The Bill of Rights and the 14th Amendment
Is a moment of silence law constitutional?
It depends. Moment of silence laws are constitutional if government officials had secular reasons for drafting them, rather than simply attempting to bring prayer back into public schools. In Wallace v. Jaffree (1985), the U.S. Supreme Court invalidated an Alabama moment of silence law that the sponsor of the measure bluntly stated was designed to bring prayer back into the public schools. Alabama legislators had amended an existing moment of silence law by adding the words “or voluntary prayer.” The sponsor admitted that restoring prayer to schools was his only motivation. Under those facts, a majority of the Court found a clear religious purpose in violation of the Lemon test.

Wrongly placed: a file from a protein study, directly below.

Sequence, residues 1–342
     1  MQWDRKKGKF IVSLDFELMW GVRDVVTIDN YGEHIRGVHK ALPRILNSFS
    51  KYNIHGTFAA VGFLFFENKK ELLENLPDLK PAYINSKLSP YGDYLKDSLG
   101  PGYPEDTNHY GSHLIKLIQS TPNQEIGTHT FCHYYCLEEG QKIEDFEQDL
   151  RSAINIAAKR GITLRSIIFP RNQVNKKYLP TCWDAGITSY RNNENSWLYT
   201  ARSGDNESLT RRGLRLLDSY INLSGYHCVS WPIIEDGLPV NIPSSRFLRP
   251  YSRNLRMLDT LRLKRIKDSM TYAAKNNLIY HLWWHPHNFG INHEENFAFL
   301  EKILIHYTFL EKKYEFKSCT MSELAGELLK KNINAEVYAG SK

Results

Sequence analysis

However, lower courts have upheld moment of silence laws in which legislators advanced for secular purposes. In Croft v. Perry (5th Cir. 2009), the 5th U.S. Circuit Court of Appeals upheld a Texas moment of silence law. The appeals court accepted the following secular purposes for the law: “fostering patriotism, providing a period for thoughtful contemplation, and protecting religious freedom.” Other federal appeals court have upheld moment of silence laws in Georgia and Virginia in recent years.
In the case out of Georgia, the Georgia legislature referred to its measure as the “Moment of Quiet Reflection” law. The 11th U.S. Circuit Court of Appeals in Bown v. Gwinnett County Schools (11th Cir. 1997) reasoned that the valid secular purpose of this law was to give students the opportunity to reflect on the coming day.